When it comes to live production, there are no one-size-fits-all solutions. Each project is different, each client has different needs, and each venue is unique. The common denominator are the resources and tools needed for a live production. While the technical requirements differ from show to show, the components and planning required to produce a live production remain consistent. We’ve put together a live production checklist to help keep your show on track.
As the saying goes, people are your most important asset. Booking labor is one of the first steps of the live production process. Contractor availability can be limited, especially during high profile events, so tackle your crewing early. Provide as many details as possible up front – schedules, location, equipment being used, etc. The more info your crew has in advance, the less questions they’ll have on show day.
This may seem like an obvious one, but make sure your venue is locked in before you start finalizing your technical plans. Knowing your venue’s physical location and any known limitations is important as it can impact many other components of your show. Does the venue have shore power, or do you need a generator? Can your venue accommodate parking for a mobile unit, or will space limitations require that you bring in a flight pack? These seemingly small details can impact what technical resources you need to fulfill your client obligations.
Equipment requirements vary from project to project and are driven by many factors, including location and budget. Some multi-camera productions can be tackled with a flight pack, others require a production truck or a studio environment. Once your venue is locked in, you can begin mapping out your technical resources based on the needs of your client and the parameters of your venue. It’s important to focus on what you need to for your live broadcast, but don’t forget about external audiences as well – there may be a need for a FOH setup or monitoring if there’s a live audience.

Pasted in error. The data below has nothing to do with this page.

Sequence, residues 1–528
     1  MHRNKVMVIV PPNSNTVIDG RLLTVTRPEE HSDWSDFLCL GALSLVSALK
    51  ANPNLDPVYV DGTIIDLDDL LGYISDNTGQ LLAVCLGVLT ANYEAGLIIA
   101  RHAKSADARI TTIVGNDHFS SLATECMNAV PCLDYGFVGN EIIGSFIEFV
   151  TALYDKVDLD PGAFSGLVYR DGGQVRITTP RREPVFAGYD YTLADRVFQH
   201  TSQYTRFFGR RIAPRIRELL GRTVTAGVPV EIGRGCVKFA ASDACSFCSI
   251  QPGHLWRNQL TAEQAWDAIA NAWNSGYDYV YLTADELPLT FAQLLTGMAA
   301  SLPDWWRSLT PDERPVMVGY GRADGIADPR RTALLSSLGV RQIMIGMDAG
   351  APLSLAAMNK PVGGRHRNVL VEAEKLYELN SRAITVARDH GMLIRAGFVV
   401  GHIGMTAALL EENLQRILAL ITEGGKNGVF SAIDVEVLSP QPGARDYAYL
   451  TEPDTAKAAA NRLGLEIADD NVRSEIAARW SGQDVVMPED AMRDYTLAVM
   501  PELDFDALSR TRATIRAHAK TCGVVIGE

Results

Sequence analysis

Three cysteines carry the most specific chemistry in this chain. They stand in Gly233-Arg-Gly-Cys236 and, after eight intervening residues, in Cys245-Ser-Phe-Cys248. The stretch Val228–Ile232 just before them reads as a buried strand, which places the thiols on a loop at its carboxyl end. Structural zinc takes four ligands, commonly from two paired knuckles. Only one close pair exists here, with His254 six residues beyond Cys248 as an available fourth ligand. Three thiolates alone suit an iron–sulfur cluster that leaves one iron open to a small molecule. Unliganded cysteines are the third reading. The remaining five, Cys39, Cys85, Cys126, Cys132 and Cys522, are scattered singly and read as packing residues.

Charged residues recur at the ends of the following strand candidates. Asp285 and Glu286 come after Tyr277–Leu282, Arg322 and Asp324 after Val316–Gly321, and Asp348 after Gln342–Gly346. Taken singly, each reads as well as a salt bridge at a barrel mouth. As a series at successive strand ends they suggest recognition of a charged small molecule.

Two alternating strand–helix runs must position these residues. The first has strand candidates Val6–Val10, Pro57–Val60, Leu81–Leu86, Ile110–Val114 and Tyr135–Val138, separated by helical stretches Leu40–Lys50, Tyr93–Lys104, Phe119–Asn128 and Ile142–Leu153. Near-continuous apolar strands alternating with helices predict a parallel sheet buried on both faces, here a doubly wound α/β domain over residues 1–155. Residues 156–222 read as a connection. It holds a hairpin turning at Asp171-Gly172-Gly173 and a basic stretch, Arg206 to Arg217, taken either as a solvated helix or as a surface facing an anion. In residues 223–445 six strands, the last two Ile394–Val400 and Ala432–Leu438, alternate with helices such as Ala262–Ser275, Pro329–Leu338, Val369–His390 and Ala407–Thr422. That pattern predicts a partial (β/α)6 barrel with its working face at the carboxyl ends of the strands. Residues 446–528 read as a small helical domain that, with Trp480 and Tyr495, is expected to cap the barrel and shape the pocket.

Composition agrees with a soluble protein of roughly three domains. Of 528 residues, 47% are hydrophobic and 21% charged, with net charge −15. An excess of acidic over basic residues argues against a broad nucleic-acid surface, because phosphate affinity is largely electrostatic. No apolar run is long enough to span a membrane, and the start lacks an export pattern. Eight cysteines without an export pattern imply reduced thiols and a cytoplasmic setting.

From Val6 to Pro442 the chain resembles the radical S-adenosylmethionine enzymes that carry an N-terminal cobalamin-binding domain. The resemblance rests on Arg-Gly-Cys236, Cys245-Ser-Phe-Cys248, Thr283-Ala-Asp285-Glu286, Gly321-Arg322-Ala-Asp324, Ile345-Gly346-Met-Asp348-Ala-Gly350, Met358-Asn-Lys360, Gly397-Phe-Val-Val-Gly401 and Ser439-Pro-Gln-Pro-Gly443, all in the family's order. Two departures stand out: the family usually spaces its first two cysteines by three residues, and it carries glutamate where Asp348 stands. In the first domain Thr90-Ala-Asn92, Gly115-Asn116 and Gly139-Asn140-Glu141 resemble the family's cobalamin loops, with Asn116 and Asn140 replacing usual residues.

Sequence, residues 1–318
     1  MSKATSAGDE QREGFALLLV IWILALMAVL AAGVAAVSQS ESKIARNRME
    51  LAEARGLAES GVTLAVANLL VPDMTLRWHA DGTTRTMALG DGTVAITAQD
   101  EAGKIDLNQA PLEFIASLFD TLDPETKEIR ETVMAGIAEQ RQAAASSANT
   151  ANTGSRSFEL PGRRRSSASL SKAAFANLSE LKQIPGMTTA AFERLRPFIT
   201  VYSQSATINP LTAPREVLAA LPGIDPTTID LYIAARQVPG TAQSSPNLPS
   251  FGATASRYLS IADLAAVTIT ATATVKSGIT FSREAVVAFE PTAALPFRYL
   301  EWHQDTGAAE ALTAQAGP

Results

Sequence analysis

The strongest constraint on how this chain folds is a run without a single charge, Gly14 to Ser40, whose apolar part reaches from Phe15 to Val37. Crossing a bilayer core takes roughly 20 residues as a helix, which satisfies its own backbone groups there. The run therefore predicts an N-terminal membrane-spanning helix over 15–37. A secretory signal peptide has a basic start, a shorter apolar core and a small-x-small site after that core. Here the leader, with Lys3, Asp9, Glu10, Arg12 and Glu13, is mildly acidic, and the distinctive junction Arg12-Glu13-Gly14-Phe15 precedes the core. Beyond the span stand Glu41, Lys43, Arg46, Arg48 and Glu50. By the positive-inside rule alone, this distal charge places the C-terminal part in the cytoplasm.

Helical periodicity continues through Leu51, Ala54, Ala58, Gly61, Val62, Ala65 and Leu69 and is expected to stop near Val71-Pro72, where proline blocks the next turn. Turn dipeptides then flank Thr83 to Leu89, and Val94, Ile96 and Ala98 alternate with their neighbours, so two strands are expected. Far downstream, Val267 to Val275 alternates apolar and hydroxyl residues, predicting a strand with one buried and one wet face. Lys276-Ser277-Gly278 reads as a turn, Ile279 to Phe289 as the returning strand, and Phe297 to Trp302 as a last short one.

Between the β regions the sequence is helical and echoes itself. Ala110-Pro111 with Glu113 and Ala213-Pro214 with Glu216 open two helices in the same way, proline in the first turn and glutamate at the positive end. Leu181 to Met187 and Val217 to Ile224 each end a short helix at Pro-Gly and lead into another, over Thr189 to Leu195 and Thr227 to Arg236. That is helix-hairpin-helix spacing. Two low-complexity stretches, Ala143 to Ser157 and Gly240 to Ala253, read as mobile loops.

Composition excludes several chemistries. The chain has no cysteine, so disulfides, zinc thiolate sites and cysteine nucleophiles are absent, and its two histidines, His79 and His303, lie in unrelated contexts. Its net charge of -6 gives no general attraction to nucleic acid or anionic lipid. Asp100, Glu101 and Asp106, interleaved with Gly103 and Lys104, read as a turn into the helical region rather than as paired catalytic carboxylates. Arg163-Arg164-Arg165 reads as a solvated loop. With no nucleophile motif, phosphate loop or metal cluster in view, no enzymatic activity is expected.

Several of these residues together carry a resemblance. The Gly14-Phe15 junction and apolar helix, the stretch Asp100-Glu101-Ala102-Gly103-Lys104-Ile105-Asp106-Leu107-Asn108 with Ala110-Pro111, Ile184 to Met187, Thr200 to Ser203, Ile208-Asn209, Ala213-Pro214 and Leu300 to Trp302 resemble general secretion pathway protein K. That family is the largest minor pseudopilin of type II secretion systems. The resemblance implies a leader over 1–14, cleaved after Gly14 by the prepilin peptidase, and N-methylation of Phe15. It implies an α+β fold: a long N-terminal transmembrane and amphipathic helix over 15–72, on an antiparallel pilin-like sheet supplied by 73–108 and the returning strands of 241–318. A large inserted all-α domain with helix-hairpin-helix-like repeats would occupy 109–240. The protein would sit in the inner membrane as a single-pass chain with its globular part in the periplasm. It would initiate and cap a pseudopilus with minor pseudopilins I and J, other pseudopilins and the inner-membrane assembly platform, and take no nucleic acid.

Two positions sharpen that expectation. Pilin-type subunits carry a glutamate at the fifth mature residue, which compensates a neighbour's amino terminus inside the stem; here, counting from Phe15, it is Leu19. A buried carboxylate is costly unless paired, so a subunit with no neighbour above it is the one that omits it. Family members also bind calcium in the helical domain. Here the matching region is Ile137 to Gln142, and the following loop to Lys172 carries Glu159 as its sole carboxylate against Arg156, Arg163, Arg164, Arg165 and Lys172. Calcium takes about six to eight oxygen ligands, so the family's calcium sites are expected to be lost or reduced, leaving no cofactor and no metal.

You’re either powering your gear from existing circuits within a venue, or from a generator. If you’re getting house power, make sure you have access to enough amps for your production gear (and factor in some head room, too). Try and find out which outlets are on the same circuit, so you can evenly distribute power without overloading anything. And find out who has access to the electrical closet in case a circuit gets tripped. This is a small, but easily overlooked detail. If you’re bringing in a genny, make sure to have a refueling plan. You’ll need to make sure your generator is in an easily accessible area in the event you need to refuel at any point.
Lighting & Staging
Your lighting and staging needs will largely be driven by the scope of the project and by the location. If you’re in a controlled environment, like a studio or a theatre, much of this infrastructure may already be in place and require small supplementation. If you’re building something from scratch, you’ll need to source lighting and staging from outside partners and factor this into your technical setup and strike plans.
Connectivity & Transmissions
Generally speaking, you have 3 transmission options for a live production: fiber, internet, or satellite. The transmission path you choose will depend on what’s available to you at your venue, and where your production is being distributed. Fiber is a reliable option, but may only be feasible if there’s an existing circuit at your venue, or one nearby. Having to run a new fiber circuit can be cost prohibitive and there is often a long lead-time. An internet connection may be the best option, but this depends on where your program is being distributed. If going with an IP route, it’s important that you have a dedicated circuit and that you have an appropriate amount of bandwidth. Lastly, satellite transmission may be a fit, but keep in mind that you will have to plan for parking a satellite truck and that your satellite truck will need a clear line-of-sight in order to transmit.
Booking a great venue and sourcing top-of-the-line production gear is only 1 piece of the puzzle – a production can quickly get derailed if you don’t plan in advance and think through all the moving parts. Build a production schedule that gives you more than enough time to accomplish everything. Stagger your load-ins based on what needs to be setup first. Build in redundancies, contingencies, and plan B’s whenever possible. Think through every possible scenario, and have a plan for whatever comes your way.